That alliance between the branches of the houfe of Bourbon, of which we have spoken last year, and which is fo well known by the name of the Family Compact, is one of the most extraordinary tranfactions of this, or, perhaps, of any time. It has already produced fome effects answerable to its defign; it may produce others ftill more important; and on the whole must be confidered as an event of the most extenfive, lasting, and alarming influence.

was formerly counterpoifed, may, poffibly, not be fo much a lafting change, as a temporary and excentric deviation from the fphere in which the house of Austria had formerly moved, and into which it feems fo fuitable to her natural and permanent intereft to return. The Bourbon compact is of a different nature; and it feems to have at length produced that entire union between the French and Spanish monarchies, which was fo much dreaded on the death of Charles II. and which it was the great purpose of the treaty of partition, and the war of the grand alliance to prevent. We have feen it take place in our days, comparatively with very little notice; fo much greater is our prefent ftrength; or fo much greater was the apprehenfion in thofe days, than the danger of the actual event in the prefent.

The treaty of Vienna in 1756, between France and Auftria, has certainly contributed not a little to give that new turn to affairs, by which almost all the difcourfes, that have hitherto been written on the interefts of princes, are rendered erroneous, and of little ufe in future fpeculations. That treaty, however, tho' it seems entirely to have disjointed the ancient fyftem of alliance by which France

It was a bold push in France to attempt, and an uncommon fuccefs to procure, towards the clofe of an unfortunate and difgraceful war, an alliance of this kind. France could not have expected from the moit fortunate iffue of her affairs, an advantage fo great as that which the derived from her uncommon diftreffes. It is fome time fince the jealoufy of her power has began to abate. But in fact her fecurity, and probably too her power, will be greatly increafed by this very circumftance. Instead of forming fuch an object as alarmed mankind, and against which all Europe ufed to unite, the is herfelf become the center of an alliance, which extends from the northern to the fouthern extrem ty of Europe; and fhe was,in this war, actually united with Ruffia, Sweden. Auftria, the empire, Spain, and Naples; to fay nothing of Den[B] 2 mark,

mark, with which he had alfo fome connections.

With other nations, however, her ties are comparatively flight but the engagements of the Bourbon compact form rather an act of incorporation than an alliance. It contains ftipulations hitherto unheard of in any treaty. By the 23d and 24th articles, the fubjects of the feveral branches of the house of Bourbon are admitted to a mutoal naturalization, and to a participation of fuch privileges and immunities, as if they were natural born fubjects of the countries of their respective fovereigns. The direct trade to America forms the only exception to this comprehenfive community of interefts. The tenor of this article is of infinite confequence to the general trading intereft of Europe; all the flates of which, by the 25th article of the fame alliance, are excluded from any profpect of obtaining fimilar advantages.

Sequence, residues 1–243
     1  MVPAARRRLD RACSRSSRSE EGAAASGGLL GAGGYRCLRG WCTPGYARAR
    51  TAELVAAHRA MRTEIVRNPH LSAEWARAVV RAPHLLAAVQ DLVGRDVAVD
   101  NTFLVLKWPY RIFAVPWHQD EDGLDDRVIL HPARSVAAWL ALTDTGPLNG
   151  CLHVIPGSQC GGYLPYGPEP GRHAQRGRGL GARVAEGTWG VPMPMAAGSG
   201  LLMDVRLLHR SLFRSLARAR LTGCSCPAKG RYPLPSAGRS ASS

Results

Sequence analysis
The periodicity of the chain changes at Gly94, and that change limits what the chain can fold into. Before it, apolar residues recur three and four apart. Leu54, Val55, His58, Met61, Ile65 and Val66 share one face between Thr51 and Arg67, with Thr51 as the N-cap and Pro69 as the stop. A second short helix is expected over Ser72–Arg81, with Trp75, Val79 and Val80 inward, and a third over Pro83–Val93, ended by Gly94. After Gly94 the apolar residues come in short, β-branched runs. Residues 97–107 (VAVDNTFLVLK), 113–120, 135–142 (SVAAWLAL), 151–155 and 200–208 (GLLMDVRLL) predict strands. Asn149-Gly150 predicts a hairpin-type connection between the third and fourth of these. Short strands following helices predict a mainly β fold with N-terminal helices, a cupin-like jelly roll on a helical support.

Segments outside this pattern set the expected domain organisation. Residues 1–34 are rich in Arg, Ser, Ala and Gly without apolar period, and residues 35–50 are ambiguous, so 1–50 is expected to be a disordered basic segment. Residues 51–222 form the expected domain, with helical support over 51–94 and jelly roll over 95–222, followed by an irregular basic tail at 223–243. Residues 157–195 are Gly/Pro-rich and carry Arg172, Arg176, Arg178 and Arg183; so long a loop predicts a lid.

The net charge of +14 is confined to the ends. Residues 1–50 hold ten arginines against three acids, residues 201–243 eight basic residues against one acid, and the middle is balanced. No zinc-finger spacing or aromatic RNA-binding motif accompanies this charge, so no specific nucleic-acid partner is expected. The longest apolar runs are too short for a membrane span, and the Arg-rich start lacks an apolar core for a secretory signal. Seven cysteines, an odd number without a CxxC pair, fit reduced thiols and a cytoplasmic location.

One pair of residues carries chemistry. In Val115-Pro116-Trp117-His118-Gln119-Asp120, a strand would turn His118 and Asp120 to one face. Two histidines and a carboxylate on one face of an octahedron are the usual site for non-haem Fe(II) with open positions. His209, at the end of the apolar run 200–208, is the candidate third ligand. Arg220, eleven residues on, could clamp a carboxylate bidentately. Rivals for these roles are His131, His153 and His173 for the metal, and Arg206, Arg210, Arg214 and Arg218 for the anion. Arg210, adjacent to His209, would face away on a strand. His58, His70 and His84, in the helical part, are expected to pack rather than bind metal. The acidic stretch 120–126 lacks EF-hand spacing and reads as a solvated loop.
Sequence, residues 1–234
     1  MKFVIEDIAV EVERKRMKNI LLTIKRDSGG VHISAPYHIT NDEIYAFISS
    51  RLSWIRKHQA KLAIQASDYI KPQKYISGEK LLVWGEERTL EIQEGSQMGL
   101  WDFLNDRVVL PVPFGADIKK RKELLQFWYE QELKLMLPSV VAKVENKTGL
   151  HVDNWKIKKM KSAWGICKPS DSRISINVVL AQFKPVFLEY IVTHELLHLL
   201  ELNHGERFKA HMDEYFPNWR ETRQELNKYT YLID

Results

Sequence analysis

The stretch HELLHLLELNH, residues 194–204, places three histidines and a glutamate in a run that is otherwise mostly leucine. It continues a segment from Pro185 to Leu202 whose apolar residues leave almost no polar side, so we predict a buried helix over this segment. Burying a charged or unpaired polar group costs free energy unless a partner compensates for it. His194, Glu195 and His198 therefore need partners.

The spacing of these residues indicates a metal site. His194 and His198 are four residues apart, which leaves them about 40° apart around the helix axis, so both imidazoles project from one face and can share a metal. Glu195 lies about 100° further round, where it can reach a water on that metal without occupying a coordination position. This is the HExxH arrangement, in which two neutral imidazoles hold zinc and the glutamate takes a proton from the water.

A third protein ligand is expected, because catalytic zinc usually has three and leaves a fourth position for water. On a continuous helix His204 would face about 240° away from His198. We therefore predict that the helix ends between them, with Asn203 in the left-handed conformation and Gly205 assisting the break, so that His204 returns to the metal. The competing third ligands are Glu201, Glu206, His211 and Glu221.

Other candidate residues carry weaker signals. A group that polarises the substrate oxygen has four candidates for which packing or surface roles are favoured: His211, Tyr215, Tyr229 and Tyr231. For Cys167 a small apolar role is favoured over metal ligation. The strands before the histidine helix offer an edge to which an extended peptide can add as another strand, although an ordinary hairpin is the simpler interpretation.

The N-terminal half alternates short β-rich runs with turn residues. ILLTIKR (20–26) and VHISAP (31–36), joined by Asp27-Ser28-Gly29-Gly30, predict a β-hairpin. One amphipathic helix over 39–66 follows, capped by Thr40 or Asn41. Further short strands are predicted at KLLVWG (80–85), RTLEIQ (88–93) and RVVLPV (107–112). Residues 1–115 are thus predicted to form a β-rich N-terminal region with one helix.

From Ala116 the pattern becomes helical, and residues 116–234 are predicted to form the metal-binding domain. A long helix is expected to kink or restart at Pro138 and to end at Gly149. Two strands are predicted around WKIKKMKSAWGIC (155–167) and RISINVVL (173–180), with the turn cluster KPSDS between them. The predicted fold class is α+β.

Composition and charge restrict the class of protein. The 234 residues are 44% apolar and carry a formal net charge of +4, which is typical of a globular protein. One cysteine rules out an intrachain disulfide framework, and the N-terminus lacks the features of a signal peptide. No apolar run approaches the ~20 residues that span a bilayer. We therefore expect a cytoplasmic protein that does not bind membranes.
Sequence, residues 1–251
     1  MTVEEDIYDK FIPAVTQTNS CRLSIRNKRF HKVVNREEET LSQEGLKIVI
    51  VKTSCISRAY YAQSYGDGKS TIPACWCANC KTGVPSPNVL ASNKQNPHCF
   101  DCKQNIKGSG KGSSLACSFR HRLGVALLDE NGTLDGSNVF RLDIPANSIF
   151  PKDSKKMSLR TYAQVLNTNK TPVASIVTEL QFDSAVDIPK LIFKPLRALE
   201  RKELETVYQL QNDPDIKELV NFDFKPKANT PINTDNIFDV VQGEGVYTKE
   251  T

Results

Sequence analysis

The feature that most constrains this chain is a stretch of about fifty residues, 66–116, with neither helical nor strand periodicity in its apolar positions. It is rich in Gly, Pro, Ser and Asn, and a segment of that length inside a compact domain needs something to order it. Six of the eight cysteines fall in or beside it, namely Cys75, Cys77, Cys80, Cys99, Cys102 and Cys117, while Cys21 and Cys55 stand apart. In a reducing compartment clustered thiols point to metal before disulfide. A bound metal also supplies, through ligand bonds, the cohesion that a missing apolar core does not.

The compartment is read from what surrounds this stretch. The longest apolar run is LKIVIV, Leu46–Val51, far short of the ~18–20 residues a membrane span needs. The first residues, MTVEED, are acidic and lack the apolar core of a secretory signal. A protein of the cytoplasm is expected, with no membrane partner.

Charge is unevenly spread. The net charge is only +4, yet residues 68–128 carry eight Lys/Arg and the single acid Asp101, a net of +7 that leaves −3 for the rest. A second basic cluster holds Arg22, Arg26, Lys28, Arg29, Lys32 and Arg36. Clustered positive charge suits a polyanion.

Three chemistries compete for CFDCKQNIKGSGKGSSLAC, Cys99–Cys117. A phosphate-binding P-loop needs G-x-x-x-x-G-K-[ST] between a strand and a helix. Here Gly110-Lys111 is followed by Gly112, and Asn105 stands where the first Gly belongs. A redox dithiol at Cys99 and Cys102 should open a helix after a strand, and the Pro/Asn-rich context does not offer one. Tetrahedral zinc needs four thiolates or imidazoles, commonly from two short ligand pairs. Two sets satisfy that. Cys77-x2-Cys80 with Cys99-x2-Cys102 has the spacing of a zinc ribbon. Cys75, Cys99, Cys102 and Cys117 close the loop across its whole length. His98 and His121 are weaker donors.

This forms a civil union in al-, moft the stricteft fenfe; the political union is even more perfect. By the Ift and 16th articles, the two monarchs of France and Spain agree to look upon every power as their enemy, which becomes an enemy of the other; that a war declared against either, fhall be regarded as perfonal by the other; and that, when they happen to be both engaged in a war against the fame enemy or enemies, they will wage it jointly with their whole forces; and that their military operations fhall proceed by common confent, and with a perfect agreement.

By the 26th article, they agree reciprocally to disclose to each other their alliances and negotiations.

By the 17th and 18th, they for

mally engage not to make, or even to liften, to any propofal of peace from their common enemies, but by mutual confent; being refolved, in time of peace as well as in time of war, each mutually to confider the interests of the allied erown as its own; to compensate their feveral loffes and advantages, and to act as if the two monarchies formed only one and the fame power. The king of the Sicilies, and the infant duke of Parma are comprehended in this treaty.

Here is the model of the most perfect confederacy. There is but one reftriction to the extent of this fcheme; but this particular reftriction is a key to the whole treaty; as it fhews, in the moft fatisfactory manner, against what object it was principally directed. For by the 8th article it is provided, that Spain fhall not be bound to fuccour France, when she is engaged in a war in confequence of her engagements by the treaty of Weftphalia, or other alliances with the princes and ftates of Germany and the north, unless fome maritime power take part in those wars, or France be attacked by land in her own country. This exception of the maritime powers indicates fufficiently that the tendency of this article is to affect England, and ferves to point out clearly, though obliquely, to the other powers of Europe, that their connection with England is the great circumflance which is to provoke the enmity of Spain.

It should feem that this treaty alone, when once its true nature came to be discovered, if no other caufe exifted, would have been fufficient to justify Great Britain in a declaration of war against a monarchy, which had united itfelf in fo intimate